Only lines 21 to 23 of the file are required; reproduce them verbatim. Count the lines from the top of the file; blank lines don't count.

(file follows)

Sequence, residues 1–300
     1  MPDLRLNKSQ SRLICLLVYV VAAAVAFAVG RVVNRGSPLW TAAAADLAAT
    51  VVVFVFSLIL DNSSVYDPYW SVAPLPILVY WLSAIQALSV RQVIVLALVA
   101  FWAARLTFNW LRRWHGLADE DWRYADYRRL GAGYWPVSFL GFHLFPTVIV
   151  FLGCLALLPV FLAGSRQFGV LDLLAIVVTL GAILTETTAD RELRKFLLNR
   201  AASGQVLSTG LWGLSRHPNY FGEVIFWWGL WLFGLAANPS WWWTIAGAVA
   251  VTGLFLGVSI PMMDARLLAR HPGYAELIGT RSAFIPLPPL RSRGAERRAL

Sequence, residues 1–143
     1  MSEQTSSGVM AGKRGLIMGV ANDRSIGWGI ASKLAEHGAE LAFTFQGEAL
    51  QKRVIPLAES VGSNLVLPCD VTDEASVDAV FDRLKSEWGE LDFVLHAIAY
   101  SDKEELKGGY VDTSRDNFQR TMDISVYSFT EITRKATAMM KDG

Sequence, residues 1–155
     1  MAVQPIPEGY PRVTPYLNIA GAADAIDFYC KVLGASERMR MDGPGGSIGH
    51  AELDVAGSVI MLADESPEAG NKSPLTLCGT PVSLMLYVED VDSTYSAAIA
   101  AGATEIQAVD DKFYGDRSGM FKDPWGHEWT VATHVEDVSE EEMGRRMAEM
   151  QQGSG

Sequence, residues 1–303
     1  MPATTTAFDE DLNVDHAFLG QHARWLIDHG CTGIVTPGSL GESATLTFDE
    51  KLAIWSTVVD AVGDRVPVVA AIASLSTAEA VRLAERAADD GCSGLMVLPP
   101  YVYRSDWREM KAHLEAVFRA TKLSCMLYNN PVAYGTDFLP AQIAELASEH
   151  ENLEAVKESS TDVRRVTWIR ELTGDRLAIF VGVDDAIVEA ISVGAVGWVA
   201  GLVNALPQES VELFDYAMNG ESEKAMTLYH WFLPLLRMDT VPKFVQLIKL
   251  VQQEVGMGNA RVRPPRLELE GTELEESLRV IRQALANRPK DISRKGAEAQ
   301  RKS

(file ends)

   151  ENLEAVKESS TDVRRVTWIR ELTGDRLAIF VGVDDAIVEA ISVGAVGWVA
   201  GLVNALPQES VELFDYAMNG ESEKAMTLYH WFLPLLRMDT VPKFVQLIKL
   251  VQQEVGMGNA RVRPPRLELE GTELEESLRV IRQALANRPK DISRKGAEAQ